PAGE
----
Why does the Mechanic always “find” something else that is wrong with your car when you go in for a simple oil change?

Have you ever gone to an auto repair shop for an oil change, only to have the mechanic say your car needs a new transmission? Let’s face it. Most of us have very little car knowledge and experience. So whenever you have to make that oil change for your car, chances are that the mechanic will be bringing up a whole set of issues hitherto unheard of.

Most mechanics are honest, hardworking people who only want to help you by pointing out problems you may not know about. But there can be some shady mechanics who want to take you and your wallet for a ride.

We want to protect you from overpaying for parts and repairs you don’t even need. Therefore, we have made a list of things/issues that you should be aware of before taking your vehicle for service.

Unrelated Issues:

Have you heard your mechanic say “well, this is the part you need replaced, but to get to that, we have to take this out, and that thing under there is broken, we have to replace that part as well, put in all new gaskets, and refill the fluid”? Yeah, that’s probably not true, and you’re probably getting tricked into paying for extra parts and labour. It’s always good to get a second opinion in such cases.

Scare Tactics:

This is one of the biggest signs that you could be dealing with a shady mechanic. A great mechanic will never try to scare you into buying expensive services.

Phrases like “I Wouldn’t Drive That Car too far off” are intended to scare you into leaving your car there or to get you to authorize a repair. Mechanics know that most people don’t know stuff about their vehicles, so they prey on your fears that you’ll not want to break down on the side of the road. If they know that you’ll fall for this, then they know they have a great chance to overcharge you for a bunch of repairs you don’t need. Again it doesn’t hurt to get a second opinion in such cases.

Get a Work Estimate:

Even if you think your mechanic is true to his work, you still want to get a written estimate regarding the services that will be performed on your car. Never sign a blank work authorization – a shady mechanic can take advantage of this by performing unnecessary services, and scamming you.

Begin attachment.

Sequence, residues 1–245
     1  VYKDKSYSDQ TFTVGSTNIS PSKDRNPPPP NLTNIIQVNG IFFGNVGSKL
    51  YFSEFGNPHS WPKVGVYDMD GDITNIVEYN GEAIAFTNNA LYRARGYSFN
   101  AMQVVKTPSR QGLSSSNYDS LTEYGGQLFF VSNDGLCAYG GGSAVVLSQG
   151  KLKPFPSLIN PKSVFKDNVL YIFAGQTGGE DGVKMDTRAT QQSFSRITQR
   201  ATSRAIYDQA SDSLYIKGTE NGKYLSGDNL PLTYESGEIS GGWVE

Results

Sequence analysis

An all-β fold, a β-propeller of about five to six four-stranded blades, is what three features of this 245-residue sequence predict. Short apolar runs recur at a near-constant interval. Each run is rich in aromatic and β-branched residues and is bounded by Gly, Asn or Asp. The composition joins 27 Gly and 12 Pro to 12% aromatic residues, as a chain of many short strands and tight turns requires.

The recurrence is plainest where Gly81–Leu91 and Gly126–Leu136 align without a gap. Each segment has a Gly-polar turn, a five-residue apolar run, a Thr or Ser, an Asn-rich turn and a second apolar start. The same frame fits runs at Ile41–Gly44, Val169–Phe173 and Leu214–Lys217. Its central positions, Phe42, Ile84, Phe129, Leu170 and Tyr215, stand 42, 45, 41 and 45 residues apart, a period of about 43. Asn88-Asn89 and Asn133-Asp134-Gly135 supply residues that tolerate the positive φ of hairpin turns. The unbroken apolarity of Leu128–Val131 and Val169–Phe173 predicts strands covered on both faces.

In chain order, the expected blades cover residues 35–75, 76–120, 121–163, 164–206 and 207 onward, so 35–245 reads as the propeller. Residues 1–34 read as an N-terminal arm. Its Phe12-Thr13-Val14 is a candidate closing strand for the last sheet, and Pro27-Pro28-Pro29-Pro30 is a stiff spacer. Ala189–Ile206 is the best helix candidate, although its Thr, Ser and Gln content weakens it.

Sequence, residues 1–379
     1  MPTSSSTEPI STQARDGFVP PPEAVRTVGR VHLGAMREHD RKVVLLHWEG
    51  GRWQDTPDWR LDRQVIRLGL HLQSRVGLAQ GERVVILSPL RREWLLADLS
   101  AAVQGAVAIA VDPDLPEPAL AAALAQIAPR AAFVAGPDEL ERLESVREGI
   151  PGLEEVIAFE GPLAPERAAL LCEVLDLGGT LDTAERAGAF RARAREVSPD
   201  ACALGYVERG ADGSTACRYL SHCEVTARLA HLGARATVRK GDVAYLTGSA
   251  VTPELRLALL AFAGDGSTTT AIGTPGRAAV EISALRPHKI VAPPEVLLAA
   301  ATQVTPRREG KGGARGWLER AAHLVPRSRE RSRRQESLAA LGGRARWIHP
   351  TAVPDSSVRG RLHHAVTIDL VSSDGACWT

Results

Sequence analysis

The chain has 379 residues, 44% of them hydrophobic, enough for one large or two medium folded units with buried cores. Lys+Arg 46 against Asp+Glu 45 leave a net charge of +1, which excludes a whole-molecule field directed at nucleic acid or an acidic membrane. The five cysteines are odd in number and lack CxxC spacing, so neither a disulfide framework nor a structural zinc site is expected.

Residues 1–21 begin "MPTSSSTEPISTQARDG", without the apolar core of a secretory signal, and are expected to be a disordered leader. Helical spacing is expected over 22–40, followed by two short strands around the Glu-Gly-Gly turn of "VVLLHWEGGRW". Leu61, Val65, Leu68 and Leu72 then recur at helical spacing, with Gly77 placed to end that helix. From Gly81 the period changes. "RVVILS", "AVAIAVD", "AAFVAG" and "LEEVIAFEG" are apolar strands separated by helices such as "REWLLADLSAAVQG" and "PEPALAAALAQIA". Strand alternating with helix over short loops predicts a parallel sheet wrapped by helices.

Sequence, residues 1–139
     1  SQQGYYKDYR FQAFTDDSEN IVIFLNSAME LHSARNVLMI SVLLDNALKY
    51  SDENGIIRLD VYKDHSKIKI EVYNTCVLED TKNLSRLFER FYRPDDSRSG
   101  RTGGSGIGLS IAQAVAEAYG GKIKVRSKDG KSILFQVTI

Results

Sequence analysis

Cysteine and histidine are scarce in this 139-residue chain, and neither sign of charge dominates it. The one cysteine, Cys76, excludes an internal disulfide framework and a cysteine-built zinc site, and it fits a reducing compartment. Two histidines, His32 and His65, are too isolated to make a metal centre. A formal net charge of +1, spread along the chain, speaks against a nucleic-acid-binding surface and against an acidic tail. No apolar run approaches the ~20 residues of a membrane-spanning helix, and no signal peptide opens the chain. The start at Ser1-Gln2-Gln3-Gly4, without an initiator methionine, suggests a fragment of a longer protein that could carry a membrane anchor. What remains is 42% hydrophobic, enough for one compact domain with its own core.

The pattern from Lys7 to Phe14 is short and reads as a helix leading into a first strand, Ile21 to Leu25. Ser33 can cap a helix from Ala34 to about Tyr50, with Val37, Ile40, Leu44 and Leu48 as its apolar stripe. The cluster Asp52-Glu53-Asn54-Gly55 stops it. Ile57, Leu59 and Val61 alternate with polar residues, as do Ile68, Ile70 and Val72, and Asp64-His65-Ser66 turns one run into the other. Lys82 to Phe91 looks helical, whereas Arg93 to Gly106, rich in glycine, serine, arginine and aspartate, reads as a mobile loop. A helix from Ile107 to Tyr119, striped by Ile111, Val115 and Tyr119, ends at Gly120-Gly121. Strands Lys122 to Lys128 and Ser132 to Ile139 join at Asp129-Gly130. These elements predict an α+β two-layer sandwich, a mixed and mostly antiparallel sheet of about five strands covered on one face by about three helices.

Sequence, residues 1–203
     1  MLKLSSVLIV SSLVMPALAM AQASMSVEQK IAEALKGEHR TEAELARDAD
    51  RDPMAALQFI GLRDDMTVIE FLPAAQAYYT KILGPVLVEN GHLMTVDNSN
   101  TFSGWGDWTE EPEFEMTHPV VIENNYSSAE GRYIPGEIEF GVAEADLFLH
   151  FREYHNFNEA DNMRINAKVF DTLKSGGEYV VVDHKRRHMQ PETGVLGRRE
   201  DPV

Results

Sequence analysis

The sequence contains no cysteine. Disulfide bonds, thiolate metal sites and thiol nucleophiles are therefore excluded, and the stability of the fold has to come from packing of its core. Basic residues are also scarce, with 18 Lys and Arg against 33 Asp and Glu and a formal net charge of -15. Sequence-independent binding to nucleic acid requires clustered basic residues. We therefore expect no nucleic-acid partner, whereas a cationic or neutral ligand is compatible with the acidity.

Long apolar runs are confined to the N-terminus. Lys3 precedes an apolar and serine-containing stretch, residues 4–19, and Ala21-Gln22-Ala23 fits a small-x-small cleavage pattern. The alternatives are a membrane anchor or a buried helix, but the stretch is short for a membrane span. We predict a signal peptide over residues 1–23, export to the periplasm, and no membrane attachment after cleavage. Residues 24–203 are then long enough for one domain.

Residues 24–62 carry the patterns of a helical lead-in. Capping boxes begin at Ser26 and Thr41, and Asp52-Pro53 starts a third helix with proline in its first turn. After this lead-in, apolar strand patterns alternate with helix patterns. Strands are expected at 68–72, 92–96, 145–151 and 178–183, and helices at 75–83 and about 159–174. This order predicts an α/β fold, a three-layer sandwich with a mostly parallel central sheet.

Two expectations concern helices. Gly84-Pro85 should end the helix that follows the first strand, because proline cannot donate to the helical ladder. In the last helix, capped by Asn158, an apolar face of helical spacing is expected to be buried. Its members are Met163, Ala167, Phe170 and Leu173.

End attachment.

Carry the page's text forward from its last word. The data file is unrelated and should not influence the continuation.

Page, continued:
You should also make sure that your repairs are covered by a warranty. Make sure that the warranty is stated clearly somewhere in the terms of your service agreement.

The Replacements:

Some mechanics may try to sell you the cheapest brands when it’s time to replace some your vehicle parts. But it’s not always a good idea to skimp and get the cheapest parts, especially when you want the best for your vehicle. For most major auto parts, it is best to stick to OEM parts as these parts are issued directly from the manufacturer.

Now, there may be times when you don’t want to use OEM parts for smaller repairs like headlights or brake pad replacements. And that’s usually fine – but OEM parts should always be an option if you request them.

If your mechanic doesn’t offer any OEM parts at all, they may be using lower-quality aftermarket parts, charging you a surplus, and then pocketing the profit.

Return of the Old Parts:

This may sound awkward, but it’s a good way to guarantee that your mechanic is actually doing the work that they claim to be doing. You can’t use your old parts – but if your mechanic actually replaced those parts, they’ll have no problem giving them back to you.

But if your mechanic refuses to give your old parts back, that could mean they were never removed in the first place – and that they weren’t actually in need of repairs. They were just scamming you the whole time.

Explanations must be provided:

Auto mechanics are professional people. It’s their job to translate difficult mechanical automobile issues into laymen terms – and explain to car owners what the problem is, and why it needs to be fixed.

This is why you should be very wary of any mechanic who brushes off questions about repairs with answers like “it’s hard to explain”, “it’s very complicated” or “you wouldn’t understand”.

You’re going to be paying money – potentially a lot of money – to this person to repair your car. Unless they can explain what’s going to be done to it and why, you shouldn’t trust them.

Therefore, if possible you should be using a mechanic that has been recommended by somebody who knows cars. If they’re cool with the mechanic, then you should be able to trust him. If nobody has any suggestions, have somebody who knows cars come with you when you take your car into the shop. Have the mechanic explain what needs to be done, and if your auto-savvy friend approves, then you’re good to go. Also make it a point to get your vehicle serviced regularly so that it facilitates the smooth functioning and maintenance of the vehicle for a long run.

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